Woodbury told the jury that his intent was not to kill Haynes. “There was never a point where I thought ‘I want to kill this dude’.” He asked the jury, “What can I do? What can I do to make up for it? Tell me. A needle full of poison, that gonna fix it? Because if so, give it to me.” Woodbury said that Haynes didn’t deserve the kind of death he received by his hands and then referenced a statement by OCI Major Frank Gatto about the number of prisoners per OCI staff saying, “Like the major said, when you walk through that door, you are on your own.”

Woodbury then stated that after the altercation that led to Haynes’ death, he gave a statement to authorities. “That whole thing was, just, a bad thing and I definitely feel bad about it. I felt so bad about it that I gave a bad confession. He (Mr. Albright) came in to see me, like two hours afterward, and I felt like I wanted the death penalty because after I killed them dudes up north I swore to God, to Jesus, that I would never kill anybody ever again, under no circumstances. When they came and told me Mr. Haynes had died, I was like, ‘Wow’. I said certain things to Mr. Albright to get him to charge me with the death penalty, I did that. Two days later, I wrote him a letter and told him the truth. I told him that I already told three officers that testified, that Mr. Haynes had actually in fact tried to rape me. Ya know, that’s not a subject a man wants to even talk about,” Woodbury stated.

“I don’t think you should give me a needle full of poison,” Woodbury told the jury. “For what, what’s that going to solve? You think that’s going to solve something, anybody? It’s not. The last 22 years, I’ve been out exactly 60 days, that’s it. I’m in prison for the rest of my life, I have no chance of ever getting out. Every time I’m outside of the dorm, it’s secure movement. I have to have a pass to go somewhere and I have to be escorted. Ya know, it’s pointless to kill me but if that will make you feel better, go on and do it.”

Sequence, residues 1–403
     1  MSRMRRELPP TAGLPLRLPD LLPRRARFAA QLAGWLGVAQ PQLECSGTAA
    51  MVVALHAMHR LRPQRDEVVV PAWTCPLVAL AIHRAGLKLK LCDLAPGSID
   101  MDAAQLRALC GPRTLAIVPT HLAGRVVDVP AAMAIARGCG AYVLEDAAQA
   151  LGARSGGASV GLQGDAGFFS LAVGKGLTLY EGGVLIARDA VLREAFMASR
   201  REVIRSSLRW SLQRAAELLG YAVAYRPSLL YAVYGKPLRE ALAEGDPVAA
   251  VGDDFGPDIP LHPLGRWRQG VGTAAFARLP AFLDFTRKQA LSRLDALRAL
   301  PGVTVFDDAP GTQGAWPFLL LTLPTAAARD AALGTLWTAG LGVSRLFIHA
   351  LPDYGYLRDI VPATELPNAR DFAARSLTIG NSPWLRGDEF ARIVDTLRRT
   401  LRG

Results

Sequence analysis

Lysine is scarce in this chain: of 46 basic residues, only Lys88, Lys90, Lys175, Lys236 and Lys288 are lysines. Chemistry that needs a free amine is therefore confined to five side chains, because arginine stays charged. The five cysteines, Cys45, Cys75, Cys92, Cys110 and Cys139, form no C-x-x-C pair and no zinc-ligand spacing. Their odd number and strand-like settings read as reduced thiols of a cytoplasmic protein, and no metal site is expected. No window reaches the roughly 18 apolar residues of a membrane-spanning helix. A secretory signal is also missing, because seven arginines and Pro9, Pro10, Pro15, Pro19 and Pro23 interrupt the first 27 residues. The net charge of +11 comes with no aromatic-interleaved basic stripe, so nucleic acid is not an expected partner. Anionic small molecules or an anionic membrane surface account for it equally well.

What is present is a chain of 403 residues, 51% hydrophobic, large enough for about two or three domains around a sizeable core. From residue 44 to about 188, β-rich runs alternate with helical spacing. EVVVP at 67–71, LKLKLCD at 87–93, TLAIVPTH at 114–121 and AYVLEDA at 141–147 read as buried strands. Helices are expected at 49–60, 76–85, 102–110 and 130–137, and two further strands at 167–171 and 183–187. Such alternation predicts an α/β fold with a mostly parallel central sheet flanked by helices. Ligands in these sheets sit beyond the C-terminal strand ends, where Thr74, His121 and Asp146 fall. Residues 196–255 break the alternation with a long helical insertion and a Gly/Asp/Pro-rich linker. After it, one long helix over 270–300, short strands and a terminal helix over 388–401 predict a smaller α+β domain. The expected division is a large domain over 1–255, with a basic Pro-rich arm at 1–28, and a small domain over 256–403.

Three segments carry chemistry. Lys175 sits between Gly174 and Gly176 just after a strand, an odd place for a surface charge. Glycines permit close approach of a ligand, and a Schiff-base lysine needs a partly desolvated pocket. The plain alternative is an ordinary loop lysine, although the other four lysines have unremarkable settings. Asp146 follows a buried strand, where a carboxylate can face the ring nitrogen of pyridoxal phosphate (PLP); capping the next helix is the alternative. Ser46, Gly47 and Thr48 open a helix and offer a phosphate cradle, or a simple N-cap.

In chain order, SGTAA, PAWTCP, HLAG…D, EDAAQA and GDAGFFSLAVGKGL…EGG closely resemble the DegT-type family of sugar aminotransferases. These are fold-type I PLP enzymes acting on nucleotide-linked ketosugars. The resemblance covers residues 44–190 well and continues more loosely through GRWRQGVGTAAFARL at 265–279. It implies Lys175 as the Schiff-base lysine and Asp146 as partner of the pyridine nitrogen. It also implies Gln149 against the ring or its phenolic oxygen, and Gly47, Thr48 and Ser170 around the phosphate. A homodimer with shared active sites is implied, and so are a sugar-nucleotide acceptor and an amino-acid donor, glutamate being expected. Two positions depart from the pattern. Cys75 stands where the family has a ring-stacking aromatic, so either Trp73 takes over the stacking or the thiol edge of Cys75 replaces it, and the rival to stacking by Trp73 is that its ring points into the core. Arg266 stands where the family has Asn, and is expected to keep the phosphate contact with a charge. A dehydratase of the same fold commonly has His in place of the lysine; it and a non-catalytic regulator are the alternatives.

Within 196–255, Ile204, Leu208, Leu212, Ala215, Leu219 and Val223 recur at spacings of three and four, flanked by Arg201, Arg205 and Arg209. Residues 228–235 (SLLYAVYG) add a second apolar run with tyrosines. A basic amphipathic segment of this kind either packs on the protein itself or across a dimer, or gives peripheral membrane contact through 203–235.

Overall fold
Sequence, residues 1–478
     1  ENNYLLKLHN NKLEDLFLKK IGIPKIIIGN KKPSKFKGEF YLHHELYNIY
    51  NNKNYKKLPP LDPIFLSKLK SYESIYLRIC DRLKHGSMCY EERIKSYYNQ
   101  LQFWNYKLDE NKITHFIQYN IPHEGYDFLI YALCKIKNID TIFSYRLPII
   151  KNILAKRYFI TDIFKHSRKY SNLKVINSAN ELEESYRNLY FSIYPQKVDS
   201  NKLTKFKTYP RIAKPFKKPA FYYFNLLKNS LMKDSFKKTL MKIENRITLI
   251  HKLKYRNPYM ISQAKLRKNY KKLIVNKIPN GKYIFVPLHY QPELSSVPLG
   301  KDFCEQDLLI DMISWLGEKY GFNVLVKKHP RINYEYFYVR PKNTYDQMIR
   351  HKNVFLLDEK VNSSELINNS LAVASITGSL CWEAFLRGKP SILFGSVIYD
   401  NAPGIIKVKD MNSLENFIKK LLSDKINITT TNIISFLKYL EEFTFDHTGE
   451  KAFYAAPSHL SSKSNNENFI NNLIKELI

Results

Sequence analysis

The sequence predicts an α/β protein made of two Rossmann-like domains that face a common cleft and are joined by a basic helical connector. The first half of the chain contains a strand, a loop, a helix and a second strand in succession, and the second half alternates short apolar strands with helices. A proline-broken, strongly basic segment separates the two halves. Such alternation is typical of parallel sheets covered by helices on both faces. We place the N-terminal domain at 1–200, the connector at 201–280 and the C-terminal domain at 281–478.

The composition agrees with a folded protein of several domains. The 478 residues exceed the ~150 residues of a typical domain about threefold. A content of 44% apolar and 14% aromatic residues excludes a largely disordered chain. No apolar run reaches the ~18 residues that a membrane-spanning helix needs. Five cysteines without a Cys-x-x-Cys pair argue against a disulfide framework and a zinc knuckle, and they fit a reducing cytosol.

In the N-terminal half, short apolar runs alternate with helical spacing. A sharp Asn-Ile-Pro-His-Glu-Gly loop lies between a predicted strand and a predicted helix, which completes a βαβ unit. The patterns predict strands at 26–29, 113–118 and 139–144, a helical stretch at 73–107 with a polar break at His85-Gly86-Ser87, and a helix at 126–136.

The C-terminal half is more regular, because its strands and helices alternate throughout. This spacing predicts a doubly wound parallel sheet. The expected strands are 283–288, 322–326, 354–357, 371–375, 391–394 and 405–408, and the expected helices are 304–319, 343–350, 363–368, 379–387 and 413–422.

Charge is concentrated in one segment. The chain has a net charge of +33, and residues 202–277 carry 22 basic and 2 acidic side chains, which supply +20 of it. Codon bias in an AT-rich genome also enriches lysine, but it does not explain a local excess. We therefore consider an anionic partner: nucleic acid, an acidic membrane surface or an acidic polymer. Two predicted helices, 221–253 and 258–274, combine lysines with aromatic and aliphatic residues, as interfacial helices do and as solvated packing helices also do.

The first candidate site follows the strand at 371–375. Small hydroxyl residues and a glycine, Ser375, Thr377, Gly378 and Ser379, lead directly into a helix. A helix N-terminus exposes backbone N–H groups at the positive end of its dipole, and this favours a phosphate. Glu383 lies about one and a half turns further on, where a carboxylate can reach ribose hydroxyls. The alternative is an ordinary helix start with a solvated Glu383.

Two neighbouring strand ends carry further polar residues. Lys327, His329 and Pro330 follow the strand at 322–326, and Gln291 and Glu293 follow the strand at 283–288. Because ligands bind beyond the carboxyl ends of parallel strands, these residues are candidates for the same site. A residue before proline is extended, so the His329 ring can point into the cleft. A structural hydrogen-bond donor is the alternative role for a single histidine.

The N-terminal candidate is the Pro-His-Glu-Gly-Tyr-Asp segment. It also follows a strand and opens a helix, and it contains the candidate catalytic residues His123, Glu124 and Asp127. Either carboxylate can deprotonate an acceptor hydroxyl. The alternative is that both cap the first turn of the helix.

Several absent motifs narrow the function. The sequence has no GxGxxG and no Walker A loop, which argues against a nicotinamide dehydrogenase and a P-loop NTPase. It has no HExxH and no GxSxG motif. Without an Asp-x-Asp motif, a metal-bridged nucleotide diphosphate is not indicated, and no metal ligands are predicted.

The state brought forth witnesses to testify against Woodbury stemming from his first robbery that involved a Windham, Maine, convenience store clerk, who testified: “A guy burst through the door with a red ski mask and told us to get on the floor. He then took a Burger King bag and flung it at me and told me to give him the money.” The witness said the cash was handed directly to Woodbury, who was able to get away with approximately $300 during that incident. Mr. Richardson asked the witness and victim, “Were you in fear of your life?” to which the individual replied, “Oh, definitely!” A detective with the Windham Police Department collected the bag and sent it to the Federal Bureau of Investigation for analysis. A forensic examiner was requested to reexamine prints from the Burger King bag that were originally examined by a now-retired examiner. Mr. Albright asked the witness, “Whose prints were contained on the Burger King bag?” and the forensic examiner testified that when compared to a set of known prints from custody, “The right palm print matched that of Woodbury’s.”

In the bank robbery incident, Woodbury flashed what appeared to be a gun to a teller who testified she was about 3-4 months pregnant at the time. “I was robbed,” stated the former teller, “A gentleman pulled up his shirt, showed me a gun and said to give me all the money. I then put it in his hand and told a co-worker I had been robbed. They then activated the alarm.” Mr. Richardson asked the woman, “During the event, were you in fear for your life?” and the woman responded simply, “Yes.”

The prosecution’s next witness was the lead investigator for the New Hampshire State Police regarding Woodbury’s triple murder. The detective testified that Woodbury was, “apprehended about 2-4 hours” after the homicides due to the public reporting seeing a man matching Woodbury’s description along railroad tracks outside of Conway, N.H.

“During the interview, I asked Woodbury to tell me his side, and he said his intention was basically to rob it (Army Barracks store).” The detective continued, “He (Woodbury) said he was basically homeless, on foot. The clerk (Walker) suspected him of thievery. The clerk then supposedly leaned below the counter when Woodbury drew his gun and shot. The two men, Gary and William Jones, were in ‘the wrong place at the wrong time’ and he took off in ‘flight mode’.” The detective then stated, “Woodbury’s story matched the crime scene.” Woodbury received three life sentences for the triple homicide, and the detective identified Woodbury seated at the counsel table. A box cutter was found at the scene behind the counter with Walker.